Fourteen miles east of Peachtree, Alabama, a secret is hidden.
The secret’s name is Annabel Lee.
She doesn’t know why her enigmatic uncle has stowed her deep underground in a military-style bunker. He’s left her with a few German words, a barely controlled guard dog, and a single command: “Don’t open that door for anybody, you got it? Not even me.”
Miles away in Atlanta, private investigator Trudi Coffey is visited by a mysterious older man calling himself Dr. Smith. He’s been trailing a man for a decade–a man she met through her ex-partner Samuel Hill–and the trail has led him to her office. The last thing Trudi wants to do is to contact Samuel. But it will take both of them to unravel this mystery–before it’s too late.
Run a search for Annabel Lee and you’re likely to come up with a poem by that master of macabre, Edgar Allan Poe. Eventually, you’ll find references to the first novel in a new series by Mike Nappa, a writer not previously known for fiction. He’s created a detective agency called Coffey & Hill Investigations, although only Coffey still works there when the book begins. The absent Hill is constantly – and irritatingly – referred to as ‘The Pig.’ Oh yes, and her receptionist’s first name is Eulalie, another nod to Poe. Meanwhile, an 11-year-old girl is locked underground by her mysterious Uncle Truck, who appears to be a man of many guises. She is only to open the door if the right words are said, which happen to come from the above referenced Poe poem.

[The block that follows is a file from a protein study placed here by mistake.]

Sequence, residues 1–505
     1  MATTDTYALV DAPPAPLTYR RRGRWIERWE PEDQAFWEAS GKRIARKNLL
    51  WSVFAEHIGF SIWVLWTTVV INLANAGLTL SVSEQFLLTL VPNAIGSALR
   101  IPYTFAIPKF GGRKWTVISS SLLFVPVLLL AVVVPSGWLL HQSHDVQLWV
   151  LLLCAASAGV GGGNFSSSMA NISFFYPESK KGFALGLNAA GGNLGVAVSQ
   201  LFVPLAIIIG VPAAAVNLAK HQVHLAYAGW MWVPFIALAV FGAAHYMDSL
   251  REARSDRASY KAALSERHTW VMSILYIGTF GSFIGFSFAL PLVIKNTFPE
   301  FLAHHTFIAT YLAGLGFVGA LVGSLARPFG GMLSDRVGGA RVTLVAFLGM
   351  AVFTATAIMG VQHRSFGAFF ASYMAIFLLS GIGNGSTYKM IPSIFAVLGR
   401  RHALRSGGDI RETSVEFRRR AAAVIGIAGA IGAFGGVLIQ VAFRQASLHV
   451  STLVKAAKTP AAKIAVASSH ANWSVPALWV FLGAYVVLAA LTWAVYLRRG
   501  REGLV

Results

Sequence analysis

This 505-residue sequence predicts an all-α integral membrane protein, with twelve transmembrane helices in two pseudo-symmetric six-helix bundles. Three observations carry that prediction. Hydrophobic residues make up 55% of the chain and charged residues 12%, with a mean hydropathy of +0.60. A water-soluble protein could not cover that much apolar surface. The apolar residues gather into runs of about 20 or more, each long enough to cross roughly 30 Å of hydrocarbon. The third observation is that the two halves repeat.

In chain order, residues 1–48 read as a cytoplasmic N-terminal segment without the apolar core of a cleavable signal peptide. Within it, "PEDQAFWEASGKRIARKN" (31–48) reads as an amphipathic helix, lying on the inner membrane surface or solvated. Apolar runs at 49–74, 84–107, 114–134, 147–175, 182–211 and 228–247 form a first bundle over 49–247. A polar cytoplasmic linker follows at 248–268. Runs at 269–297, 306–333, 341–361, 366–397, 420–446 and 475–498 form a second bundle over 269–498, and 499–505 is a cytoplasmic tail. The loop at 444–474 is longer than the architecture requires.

For much of Annabel Lee, I found myself continuously wondering what was going on. Why was this girl hidden? Why was the mysterious Dr. Smith looking for her? I wanted to jump to the end so I could make sense of everything. I knew Trudi and Samuel had to survive (you can’t kill off your main characters in the first book of a series about them), but what about the girl, and the sniper named The Mute who also plays a major role in the story? It took until the end for everything to be fully revealed.
I don’t know exactly how I feel about Annabel Lee. It swung between exciting and “Get to the point already.” I’m not sure it’s an out and out Christian novel either. Readers learn about Coffey’s faith early on, although there’s little demonstrated of it. The evil in Dr. Smith’s work was chilling in a non-supernatural way, although what he was doing was messing with the things not of this world. The references to Poe are almost overwhelming, and they look likely to continue since the next book will be called The Raven.
Thank you to Revell for my complimentary copy of Annabel Lee, which I received in exchange for my honest review.
Have you read Annabel Lee? Do you plan to read it? Let me know your thoughts.
Publisher: Revell (a division of Baker Publishing)
Publication Date: 01 March 2016
Page Count: 368
Read more on: Bethany House’s Website